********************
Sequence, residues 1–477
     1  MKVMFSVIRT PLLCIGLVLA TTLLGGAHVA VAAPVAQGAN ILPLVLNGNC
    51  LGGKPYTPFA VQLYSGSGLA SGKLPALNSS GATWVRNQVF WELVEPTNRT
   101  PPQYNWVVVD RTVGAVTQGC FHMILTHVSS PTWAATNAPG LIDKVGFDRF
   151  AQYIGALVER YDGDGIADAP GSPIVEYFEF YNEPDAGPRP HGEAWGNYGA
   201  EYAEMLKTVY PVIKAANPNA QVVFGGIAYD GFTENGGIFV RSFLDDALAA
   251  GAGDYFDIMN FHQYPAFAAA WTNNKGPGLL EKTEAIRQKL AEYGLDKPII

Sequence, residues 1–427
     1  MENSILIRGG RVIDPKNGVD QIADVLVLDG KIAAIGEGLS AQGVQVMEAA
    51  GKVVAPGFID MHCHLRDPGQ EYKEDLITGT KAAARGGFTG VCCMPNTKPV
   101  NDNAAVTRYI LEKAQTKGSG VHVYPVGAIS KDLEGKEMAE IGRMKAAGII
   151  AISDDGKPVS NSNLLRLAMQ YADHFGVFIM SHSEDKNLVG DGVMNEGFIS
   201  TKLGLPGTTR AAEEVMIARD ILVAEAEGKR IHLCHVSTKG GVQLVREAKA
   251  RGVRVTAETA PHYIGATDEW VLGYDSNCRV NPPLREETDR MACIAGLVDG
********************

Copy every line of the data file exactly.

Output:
Sequence, residues 1–477
     1  MKVMFSVIRT PLLCIGLVLA TTLLGGAHVA VAAPVAQGAN ILPLVLNGNC
    51  LGGKPYTPFA VQLYSGSGLA SGKLPALNSS GATWVRNQVF WELVEPTNRT
   101  PPQYNWVVVD RTVGAVTQGC FHMILTHVSS PTWAATNAPG LIDKVGFDRF
   151  AQYIGALVER YDGDGIADAP GSPIVEYFEF YNEPDAGPRP HGEAWGNYGA
   201  EYAEMLKTVY PVIKAANPNA QVVFGGIAYD GFTENGGIFV RSFLDDALAA
   251  GAGDYFDIMN FHQYPAFAAA WTNNKGPGLL EKTEAIRQKL AEYGLDKPII

Sequence, residues 1–427
     1  MENSILIRGG RVIDPKNGVD QIADVLVLDG KIAAIGEGLS AQGVQVMEAA
    51  GKVVAPGFID MHCHLRDPGQ EYKEDLITGT KAAARGGFTG VCCMPNTKPV
   101  NDNAAVTRYI LEKAQTKGSG VHVYPVGAIS KDLEGKEMAE IGRMKAAGII
   151  AISDDGKPVS NSNLLRLAMQ YADHFGVFIM SHSEDKNLVG DGVMNEGFIS
   201  TKLGLPGTTR AAEEVMIARD ILVAEAEGKR IHLCHVSTKG GVQLVREAKA
   251  RGVRVTAETA PHYIGATDEW VLGYDSNCRV NPPLREETDR MACIAGLVDG